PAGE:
…The Nebraska Department of Health and Human Services contracts with the collaborative to manage child welfare and juvenile-services cases for Douglas and Sarpy Counties. The collaborative contract is all that remains of the state’s 2½-year experiment with privatizing child welfare services. State workers again manage cases in the rest of the state….
Another blow to child welfare privatization
Source: Martha Stoddard, World-Herald, February 21, 2012
Top Nebraska officials plan to change course on child welfare after the state’s experiment in privatization suffered a major blow Tuesday. The Kansas-based KVC announced that the company will stop managing child welfare cases as of Feb. 29. The announcement leaves the state with only one private contractor, [Omaha-based Nebraska Families Collaborative] meaning that state workers will once again be responsible for ensuring the safety and well-being of the majority of abused and neglected Nebraska children. But, in a key difference from past practice, State Department of Health and Human Services officials plan to hire enough workers to keep caseloads at manageable levels….
KVC had sought contract changes that would have increased the state’s costs by well over the $19 million figure, HHS officials said….KVC officials previously said they had lost $14 million on their contract with Nebraska. The company threatened last fall to drop its contract at the end of December but agreed to continue after the state provided an additional $1.8 million and promised to negotiate on the case rates….
– Child welfare changes a step closer
Source: Martha Stoddard, World-Herald, March 8, 2012
– NE turns to more traditional child welfare system
Source:: Grant Schulte, Associated Press, April 15, 2012
…In the dreary world of the real, privatization means turning over a government function to the private sector. It has such a long history that it’s a wonder we still have any public sector left…. Politicians of both parties are privatization fans, although the Republicans are more so….In honor of the campaign season, maybe this is a good time to point out some examples of privatization disasters. Texas tried to turn eligibility screening for social services over to a private company, creating all sorts of messes until it gave up the experiment. The most apocryphal story involved a privately run call center that told applicants to send their documentation to a number that turned out to be the fax at a warehouse in Seattle. …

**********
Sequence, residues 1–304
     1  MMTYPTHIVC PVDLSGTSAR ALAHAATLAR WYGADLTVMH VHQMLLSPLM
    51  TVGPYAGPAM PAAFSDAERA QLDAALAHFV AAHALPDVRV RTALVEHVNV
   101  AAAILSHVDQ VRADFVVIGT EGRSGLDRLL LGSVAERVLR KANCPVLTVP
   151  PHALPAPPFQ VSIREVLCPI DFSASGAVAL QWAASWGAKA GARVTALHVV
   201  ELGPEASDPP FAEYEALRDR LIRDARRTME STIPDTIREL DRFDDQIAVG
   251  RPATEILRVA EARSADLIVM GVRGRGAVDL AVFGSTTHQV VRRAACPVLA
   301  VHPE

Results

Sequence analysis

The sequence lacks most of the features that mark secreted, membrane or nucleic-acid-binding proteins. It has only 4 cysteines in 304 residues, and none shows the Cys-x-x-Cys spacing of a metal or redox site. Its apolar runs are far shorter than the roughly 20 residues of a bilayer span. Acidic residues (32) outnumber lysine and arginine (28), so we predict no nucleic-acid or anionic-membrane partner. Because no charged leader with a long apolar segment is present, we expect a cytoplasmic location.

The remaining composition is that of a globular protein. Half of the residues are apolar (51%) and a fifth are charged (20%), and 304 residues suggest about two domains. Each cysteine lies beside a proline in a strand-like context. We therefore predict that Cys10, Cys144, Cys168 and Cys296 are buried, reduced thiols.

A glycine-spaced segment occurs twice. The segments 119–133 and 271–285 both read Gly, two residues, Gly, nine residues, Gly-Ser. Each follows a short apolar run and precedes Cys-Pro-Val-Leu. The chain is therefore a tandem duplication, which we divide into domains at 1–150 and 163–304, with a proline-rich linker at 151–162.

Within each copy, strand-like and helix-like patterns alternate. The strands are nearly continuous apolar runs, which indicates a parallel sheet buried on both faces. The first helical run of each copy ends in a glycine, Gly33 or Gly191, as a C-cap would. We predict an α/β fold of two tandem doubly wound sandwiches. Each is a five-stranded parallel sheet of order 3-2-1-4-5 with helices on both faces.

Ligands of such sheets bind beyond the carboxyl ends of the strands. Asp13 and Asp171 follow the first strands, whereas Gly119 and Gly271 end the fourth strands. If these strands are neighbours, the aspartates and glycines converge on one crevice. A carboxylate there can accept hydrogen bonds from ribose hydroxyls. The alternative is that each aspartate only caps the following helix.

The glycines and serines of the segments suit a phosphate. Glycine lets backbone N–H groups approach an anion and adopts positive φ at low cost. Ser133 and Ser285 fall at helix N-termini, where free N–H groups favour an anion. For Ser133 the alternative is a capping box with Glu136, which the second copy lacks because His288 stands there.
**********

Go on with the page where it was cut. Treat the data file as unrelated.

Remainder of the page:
State’s effort to modernize the way it processes Medicaid claims will take nearly a decade, cost almost $900 million….The project has gone in fits and starts since it began in 2004: cancelled and rebid, then amended and extended. Costs have kept rising, so much so that the expense of setting up the new system and running it for seven years, plus maintaining the old system, now adds up to an eye-popping figure: $851 million.
Delays, overruns plague NC Medicaid claims project
Source: Gary D. Robertson, Associated Press, December 14, 2011
North Carolina Republican lawmakers grilled state Medicaid leaders Tuesday about delays in replacing the government health program’s claims processing system, which has faced operational hurdles since the project first began almost eight years ago.